David Cameron has outlined plans to help people establish co-operatives which could set up or run local public services such as schools in England.
Mr Cameron says co-ops have more flexibility than state-run agencies.
The Conservative Co-operative Movement would seek to promote co-ops which, he said, provide "flexibility and dynamism that a central state agency lacks".
The schools would be taxpayer funded but owned by parents and the community.
Education minister Jim Knight said it was a "wheeze" and the idea of co-ops running schools was "nothing new".
Mr Cameron unveiled the plan in Manchester as ex-Tory leader Iain Duncan Smith released a report outlining the problems of social breakdown in the city.
Mr Duncan Smith's Centre for Social Justice survey on Manchester suggests a picture of educational failure, high levels of youth crime, unemployment, widespread family breakdown and severe alcohol abuse.
Mr Cameron said it was great to feel the "energy and optimism" in Manchester, which he said was enjoying rapid economic growth.
But he said Mr Duncan Smith's report showed the city was in danger of becoming a "two tier" one with fast economic growth alongside continuing social problems.
Independent of party
He said he was a "one nation" politician and said he was "passionate" about tackling social breakdown.
The Conservative Co-operative Movement "will be independent of the Conservative Party", he said.
"But it will be a resource for Conservative activists and local community groups of all kinds, wanting to set up their own co-ops to take over the management of local public services.
"It will campaign for the principles of local, democratic, voluntary, public ownership of public services and public facilities."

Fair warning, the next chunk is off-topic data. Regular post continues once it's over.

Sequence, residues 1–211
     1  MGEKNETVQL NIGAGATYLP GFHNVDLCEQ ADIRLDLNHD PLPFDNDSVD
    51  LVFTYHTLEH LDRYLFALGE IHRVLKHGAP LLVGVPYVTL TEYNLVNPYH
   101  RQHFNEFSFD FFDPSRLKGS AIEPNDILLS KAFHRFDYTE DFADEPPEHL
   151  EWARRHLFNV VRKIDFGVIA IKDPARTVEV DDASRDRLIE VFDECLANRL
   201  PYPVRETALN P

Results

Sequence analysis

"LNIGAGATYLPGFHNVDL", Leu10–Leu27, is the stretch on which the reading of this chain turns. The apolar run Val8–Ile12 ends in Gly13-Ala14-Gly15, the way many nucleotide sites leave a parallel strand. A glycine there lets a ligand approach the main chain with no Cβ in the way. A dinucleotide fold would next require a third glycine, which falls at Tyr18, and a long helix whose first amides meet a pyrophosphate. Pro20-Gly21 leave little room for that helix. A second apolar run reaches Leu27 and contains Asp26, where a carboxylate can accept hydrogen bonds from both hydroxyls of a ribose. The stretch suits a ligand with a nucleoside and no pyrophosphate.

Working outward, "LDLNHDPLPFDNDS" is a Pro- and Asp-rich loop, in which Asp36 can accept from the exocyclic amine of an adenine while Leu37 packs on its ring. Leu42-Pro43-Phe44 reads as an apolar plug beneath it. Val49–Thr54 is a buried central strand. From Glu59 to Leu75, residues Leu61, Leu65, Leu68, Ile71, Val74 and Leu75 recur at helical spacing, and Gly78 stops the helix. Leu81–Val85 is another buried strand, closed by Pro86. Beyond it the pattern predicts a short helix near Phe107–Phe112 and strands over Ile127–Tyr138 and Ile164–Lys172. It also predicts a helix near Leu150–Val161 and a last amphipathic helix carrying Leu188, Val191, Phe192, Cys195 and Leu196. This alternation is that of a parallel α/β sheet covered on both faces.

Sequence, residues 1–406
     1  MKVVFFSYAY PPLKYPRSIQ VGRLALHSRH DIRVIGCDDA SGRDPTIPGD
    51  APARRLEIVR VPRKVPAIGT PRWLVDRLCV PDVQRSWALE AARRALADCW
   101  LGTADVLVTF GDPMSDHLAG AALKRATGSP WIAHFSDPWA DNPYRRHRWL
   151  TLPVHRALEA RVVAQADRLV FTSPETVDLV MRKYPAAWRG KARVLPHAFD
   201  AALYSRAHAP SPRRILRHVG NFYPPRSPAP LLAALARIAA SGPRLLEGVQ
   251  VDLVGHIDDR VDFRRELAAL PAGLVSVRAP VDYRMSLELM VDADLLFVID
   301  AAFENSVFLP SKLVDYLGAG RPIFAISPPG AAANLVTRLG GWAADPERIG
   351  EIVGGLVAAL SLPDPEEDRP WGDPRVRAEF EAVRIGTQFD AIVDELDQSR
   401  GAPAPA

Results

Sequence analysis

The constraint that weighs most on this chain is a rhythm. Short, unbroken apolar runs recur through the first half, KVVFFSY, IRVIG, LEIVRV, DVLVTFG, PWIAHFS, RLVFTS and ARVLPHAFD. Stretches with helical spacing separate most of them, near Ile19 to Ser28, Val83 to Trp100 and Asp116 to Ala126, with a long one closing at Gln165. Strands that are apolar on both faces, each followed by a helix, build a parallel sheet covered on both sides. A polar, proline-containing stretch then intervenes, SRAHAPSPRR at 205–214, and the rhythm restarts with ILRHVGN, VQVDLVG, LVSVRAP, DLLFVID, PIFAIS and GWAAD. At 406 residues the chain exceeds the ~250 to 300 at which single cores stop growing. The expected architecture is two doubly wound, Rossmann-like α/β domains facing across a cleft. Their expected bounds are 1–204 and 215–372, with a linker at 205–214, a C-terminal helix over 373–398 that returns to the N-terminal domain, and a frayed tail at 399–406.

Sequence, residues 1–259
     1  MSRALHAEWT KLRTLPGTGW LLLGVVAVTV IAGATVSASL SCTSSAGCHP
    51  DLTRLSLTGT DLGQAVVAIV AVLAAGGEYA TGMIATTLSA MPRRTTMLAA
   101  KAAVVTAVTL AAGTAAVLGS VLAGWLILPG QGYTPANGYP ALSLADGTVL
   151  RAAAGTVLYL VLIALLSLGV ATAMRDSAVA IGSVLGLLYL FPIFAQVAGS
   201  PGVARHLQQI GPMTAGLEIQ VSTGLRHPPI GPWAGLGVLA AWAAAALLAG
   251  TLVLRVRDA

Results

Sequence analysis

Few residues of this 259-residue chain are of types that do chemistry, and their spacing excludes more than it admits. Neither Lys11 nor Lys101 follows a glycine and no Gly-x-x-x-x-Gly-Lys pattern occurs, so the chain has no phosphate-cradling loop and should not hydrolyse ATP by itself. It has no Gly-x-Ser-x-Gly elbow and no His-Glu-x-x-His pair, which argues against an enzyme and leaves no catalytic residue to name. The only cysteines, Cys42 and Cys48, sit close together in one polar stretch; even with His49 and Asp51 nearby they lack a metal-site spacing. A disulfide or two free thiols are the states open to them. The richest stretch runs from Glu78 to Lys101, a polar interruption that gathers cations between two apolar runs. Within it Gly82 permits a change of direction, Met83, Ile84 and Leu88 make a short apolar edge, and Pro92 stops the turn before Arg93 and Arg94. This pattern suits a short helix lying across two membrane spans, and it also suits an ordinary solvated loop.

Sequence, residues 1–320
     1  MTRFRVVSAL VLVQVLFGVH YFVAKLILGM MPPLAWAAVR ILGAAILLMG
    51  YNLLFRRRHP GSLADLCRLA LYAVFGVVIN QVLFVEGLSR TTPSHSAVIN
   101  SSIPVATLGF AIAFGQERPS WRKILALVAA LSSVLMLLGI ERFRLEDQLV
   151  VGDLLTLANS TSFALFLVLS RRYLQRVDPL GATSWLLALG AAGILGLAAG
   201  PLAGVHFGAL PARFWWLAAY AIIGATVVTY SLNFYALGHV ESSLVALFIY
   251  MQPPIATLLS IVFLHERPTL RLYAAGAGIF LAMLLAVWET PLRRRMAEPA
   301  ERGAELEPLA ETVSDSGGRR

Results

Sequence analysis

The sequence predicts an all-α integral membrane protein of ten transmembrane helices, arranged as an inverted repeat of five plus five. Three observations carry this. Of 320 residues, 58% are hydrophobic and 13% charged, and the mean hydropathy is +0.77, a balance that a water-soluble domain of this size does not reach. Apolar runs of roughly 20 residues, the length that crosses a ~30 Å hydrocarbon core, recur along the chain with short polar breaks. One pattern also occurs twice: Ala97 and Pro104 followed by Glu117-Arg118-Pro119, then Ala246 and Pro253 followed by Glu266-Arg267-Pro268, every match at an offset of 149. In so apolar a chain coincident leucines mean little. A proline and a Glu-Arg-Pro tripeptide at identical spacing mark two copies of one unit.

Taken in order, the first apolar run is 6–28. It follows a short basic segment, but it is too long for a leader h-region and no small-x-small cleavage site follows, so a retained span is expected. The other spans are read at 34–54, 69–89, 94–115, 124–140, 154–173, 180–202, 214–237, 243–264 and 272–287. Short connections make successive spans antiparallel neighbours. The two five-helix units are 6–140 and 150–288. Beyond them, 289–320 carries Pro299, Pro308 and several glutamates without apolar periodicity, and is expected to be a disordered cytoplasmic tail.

Tory school reforms would create "a new generation of co-operative schools in our country", in the same way as Sweden, which has more than 100, and Spain, which has more than 600.
"So I want to explore how we can create a new generation of co-operative schools in Britain, funded by the taxpayer, but owned by parents and the local community," he said.
Mr Cameron said it was appropriate to launch the new organisation in Manchester, just a few miles away from Rochdale, where the first co-operative movement in the world was created.
He said it was a "shame" that the movement was associated with the "left", when its principle "captures precisely the vision of social progress that we on the centre-right believe in".
For the government, Mr Knight said: "Labour have already given parents the power to draw up plans for their own schools and we continue to back the co-operative and mutual sector's involvement in education."
He said Labour had "nurtured" co-operatives which had experienced "neglect and damage" under the last Conservative government.
Co-operatives are organisations which are owned by their members, and run for their benefit.
Well known examples are John Lewis and building societies such as Nationwide. In politics there is also a Co-operative Party, which is closely affiliated with the Labour Party.
Schools Secretary Ed Balls is one of 29 MPs, who stood for the "Labour and the Co-operative Party" at the last general election.
The Co-operative Bank is also one of the party's biggest lenders.
The Conservative Co-operative Movement's chairman will be Jesse Norman, a Tory parliamentary candidate in Hereford and former director of a co-operative enterprise.